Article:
Q: I read that the Feds are now suing Bank of America for mortgage fraud. I got my mortgage through BofA; could I potentially get anything out of this?
A: Probably not, unless you also happened to invest in mortgage-backed securities issued by BofA as well.
The latest lawsuit pertains to an alleged fraud in the sale of securities backed by mortgages, not to the mortgages themselves. The Justice Department alleges that while the securities were sold on the basis that they were backed by prime mortgages, some 40 percent of those loans did not meet the bank's underwriting standards.
While ordinary mortgage borrowers may not have anything at stake in this case, it could have implications for the future of new home loans and refinancing loans.
A central issue in this case is the securitization of mortgage debt. That means bundling several existing loans together and selling them off to third parties as securities. The owners of those securities then earn money from the interest and principal payments on those loans. However, if some of the loans go bad, investors in those securities get less than they expected.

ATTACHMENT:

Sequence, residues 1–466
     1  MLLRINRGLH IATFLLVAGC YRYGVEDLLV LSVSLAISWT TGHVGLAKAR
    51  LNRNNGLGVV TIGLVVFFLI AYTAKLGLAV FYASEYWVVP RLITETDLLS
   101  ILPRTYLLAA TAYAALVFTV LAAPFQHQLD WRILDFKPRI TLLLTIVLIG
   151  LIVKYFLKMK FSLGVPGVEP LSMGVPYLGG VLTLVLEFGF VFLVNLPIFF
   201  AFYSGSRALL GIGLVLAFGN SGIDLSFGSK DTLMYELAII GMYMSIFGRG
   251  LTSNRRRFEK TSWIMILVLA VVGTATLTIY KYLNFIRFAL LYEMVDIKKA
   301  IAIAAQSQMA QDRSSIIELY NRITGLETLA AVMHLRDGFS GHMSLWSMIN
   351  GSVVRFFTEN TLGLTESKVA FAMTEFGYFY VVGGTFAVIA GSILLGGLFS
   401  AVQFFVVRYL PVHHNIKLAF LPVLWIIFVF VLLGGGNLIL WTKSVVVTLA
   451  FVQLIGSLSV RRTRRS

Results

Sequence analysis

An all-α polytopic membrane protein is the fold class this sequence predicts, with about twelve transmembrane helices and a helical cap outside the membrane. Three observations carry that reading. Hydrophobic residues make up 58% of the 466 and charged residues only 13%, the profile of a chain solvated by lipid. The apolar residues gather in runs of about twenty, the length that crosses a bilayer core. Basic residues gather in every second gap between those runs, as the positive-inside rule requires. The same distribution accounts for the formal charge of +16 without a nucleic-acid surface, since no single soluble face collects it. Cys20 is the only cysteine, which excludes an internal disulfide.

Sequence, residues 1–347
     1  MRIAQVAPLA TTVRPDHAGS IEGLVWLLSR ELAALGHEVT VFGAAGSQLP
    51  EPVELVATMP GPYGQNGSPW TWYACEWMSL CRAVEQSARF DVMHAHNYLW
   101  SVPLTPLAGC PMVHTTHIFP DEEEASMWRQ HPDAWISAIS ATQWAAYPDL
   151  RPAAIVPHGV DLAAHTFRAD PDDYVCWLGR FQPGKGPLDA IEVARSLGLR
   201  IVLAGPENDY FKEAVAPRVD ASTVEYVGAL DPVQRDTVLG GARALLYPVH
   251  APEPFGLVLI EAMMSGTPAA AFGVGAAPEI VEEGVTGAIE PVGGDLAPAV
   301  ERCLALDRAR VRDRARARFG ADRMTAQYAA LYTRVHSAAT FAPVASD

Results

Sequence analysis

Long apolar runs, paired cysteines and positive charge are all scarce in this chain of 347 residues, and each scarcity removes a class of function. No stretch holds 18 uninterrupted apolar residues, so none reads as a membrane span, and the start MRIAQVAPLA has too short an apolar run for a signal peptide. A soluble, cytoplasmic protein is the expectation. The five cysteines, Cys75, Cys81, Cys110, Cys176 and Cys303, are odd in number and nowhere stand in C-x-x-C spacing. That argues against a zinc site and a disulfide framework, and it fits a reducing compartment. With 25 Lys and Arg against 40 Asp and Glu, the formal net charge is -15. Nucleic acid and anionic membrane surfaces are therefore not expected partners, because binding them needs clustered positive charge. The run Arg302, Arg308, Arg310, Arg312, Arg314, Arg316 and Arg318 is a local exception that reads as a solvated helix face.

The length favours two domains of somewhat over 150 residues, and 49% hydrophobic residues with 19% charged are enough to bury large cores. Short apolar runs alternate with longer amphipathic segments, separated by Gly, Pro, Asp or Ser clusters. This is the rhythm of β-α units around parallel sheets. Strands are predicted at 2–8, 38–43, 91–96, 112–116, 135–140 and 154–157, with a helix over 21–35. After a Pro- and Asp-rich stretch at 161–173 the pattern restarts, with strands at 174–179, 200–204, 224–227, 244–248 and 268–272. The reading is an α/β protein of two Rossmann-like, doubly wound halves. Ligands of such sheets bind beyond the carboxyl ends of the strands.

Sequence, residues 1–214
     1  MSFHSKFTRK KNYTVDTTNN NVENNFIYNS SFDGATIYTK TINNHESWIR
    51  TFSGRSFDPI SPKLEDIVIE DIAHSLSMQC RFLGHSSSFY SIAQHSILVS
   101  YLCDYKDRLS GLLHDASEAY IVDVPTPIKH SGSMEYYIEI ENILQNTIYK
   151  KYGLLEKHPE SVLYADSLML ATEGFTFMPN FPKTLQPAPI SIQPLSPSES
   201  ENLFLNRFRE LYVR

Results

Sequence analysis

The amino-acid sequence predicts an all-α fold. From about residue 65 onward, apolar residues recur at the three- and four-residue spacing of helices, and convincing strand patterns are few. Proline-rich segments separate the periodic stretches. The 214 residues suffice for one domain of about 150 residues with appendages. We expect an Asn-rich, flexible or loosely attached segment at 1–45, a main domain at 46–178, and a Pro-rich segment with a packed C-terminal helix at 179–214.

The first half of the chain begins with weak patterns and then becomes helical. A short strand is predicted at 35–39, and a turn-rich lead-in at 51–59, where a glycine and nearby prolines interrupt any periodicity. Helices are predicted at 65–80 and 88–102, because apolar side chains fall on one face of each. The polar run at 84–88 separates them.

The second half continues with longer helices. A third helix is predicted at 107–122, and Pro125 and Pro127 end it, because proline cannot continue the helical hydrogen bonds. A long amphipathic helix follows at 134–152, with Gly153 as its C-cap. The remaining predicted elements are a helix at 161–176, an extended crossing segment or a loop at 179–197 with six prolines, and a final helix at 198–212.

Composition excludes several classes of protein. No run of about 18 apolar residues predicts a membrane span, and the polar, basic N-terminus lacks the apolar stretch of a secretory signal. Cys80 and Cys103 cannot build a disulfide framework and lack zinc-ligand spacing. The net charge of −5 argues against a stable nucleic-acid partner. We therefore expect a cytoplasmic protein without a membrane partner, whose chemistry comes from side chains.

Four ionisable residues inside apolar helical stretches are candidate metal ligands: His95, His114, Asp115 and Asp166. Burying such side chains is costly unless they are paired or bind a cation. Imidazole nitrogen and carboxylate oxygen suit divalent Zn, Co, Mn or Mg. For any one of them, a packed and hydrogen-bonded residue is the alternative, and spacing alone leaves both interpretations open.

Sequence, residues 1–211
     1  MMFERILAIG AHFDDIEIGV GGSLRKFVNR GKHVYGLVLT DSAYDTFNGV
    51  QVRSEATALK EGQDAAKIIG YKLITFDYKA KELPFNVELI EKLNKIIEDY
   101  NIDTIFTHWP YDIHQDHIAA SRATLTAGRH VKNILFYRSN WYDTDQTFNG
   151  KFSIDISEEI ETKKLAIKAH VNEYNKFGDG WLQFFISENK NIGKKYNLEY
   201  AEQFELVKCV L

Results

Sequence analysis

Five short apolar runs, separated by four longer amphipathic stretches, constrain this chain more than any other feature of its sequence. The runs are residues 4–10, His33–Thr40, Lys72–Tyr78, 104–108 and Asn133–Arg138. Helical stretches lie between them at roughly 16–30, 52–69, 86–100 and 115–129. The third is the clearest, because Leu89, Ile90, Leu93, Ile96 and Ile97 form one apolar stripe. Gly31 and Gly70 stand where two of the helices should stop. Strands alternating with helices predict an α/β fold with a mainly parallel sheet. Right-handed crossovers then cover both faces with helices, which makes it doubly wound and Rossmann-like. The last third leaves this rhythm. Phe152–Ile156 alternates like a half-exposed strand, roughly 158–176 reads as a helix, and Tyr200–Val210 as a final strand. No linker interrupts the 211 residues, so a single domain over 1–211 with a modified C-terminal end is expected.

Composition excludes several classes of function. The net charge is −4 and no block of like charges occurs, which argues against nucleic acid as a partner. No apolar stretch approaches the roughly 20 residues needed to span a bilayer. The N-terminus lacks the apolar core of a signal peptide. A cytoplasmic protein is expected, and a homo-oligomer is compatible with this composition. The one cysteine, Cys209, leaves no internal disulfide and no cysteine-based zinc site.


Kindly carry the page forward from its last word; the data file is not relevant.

When banks can securitize mortgage debt, it gives them the liquidity to make additional loans, which helps to make mortgages more widely available. The market demand for the resulting securities also helps to keep mortgage rates low. In short, securitization is good for the mortgage market, but the whole arrangement breaks down if mortgage lenders can't be trusted to represent the underlying loans accurately, or if the government finds it necessary to put onerous restrictions on securitization.
For these reasons, this case and current regulatory discussions about the securitization of debt will affect the future of the mortgage market. It's a fine line between holding banks accountable for their lending practices and discouraging them from making loans. The future availability of mortgages and the level of mortgage rates will be influenced by how well the government walks that line.